Tunisia, Jan 29 (Reuters) – Tunisia opened polling stations in parliamentary elections on Sunday, with just 11% turnout in the first round last month, a result critics of the president said undercut his claims that the public Pro-cleaning argument for political change.
With parties boycotting the vote and most candidates being independents, attention is likely to be on whether there will be higher participation than in December.
“I’m not interested in elections that don’t concern me,” Nejib Sahli, 40, said as he passed a polling station in Tunisia’s Hay Ettahrir district shortly before voting began.
Inside the polling station, a Reuters reporter said no voters showed up for the 20 minutes he was there after polling stations officially opened.
President Keith Saeed has decreed a new, virtually powerless parliament as part of a restructured presidential system he has introduced after shutting down the previous parliament in 2021 and taking full control of the country.
Saeed’s critics have accused him of trying to dismantle the democracy in place after Tunisia’s 2011 revolution that sparked the Arab Spring, and they have ridiculed December’s extremely low turnout at what he sees as a lack of popular support for his reforms.
Mongi Layouni, one of only seven men sitting drinking coffee at a cafe in Ettahrir, said he might vote.
“I don’t know. Maybe I’ll be there later,” he said. Another man sitting in the cafe, who identified himself only as Imad, said he did not believe his vote had any effect after Saeed’s political changes.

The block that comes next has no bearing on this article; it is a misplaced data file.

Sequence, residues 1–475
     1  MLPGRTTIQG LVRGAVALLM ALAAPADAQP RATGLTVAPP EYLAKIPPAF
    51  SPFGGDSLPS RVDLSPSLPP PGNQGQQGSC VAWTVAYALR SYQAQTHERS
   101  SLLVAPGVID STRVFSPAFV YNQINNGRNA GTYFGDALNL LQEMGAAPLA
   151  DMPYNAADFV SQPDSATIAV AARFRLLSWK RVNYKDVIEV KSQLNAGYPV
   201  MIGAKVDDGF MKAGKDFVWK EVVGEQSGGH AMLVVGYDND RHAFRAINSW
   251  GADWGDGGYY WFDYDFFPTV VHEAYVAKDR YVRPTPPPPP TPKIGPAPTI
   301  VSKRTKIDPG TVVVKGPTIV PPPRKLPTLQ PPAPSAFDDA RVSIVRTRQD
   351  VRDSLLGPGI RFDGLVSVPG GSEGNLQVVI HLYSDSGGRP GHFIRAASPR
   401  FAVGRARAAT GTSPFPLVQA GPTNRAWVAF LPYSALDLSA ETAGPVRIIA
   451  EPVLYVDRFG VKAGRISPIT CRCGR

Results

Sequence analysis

“Only the president can decide everything,” he said. “He doesn’t care about anybody, and we don’t care about him and his election.”
The president said his actions were legal and necessary to save Tunisia from years of economic stagnation and political crisis, and accused his critics of treason, urging action against them.
A worsening economic crisis has led to shortages of some food and medicines and led the government to seek an international bailout, adding to widespread frustration with politics.
On Friday, Moody’s credit rating agency downgraded Tunisia’s debt rating, saying the country may default on sovereign loans.
Under the previous system, Parliament took the lead in selecting the government that formulated national policy and handled the day-to-day running of the country. The president is directly responsible only for foreign and defense affairs.
Saeed’s new rules subordinate parliament to the president, who now takes the lead in forming or dissolving the government. The rules also undercut the role of political parties, with parliamentary candidates listed only by name without reference to their party affiliation.
Since the December vote, national television has increased its focus on Sunday’s runoff vote, including through debates between the candidates. The opposition said it was part of the state’s efforts to boost turnout.
Runoff elections will be held on Sunday in 131 of the 161 constituencies, 131 of which had no candidates winning more than half of the vote in December. In several districts, only one candidate was contested and they were all elected to the new parliament.
Voting hours are from 8am to 6pm (0700 GMT-1700 GMT).
Reporting by Tarek Amara, writing by Angus McDowall; editing by Toby Chopra
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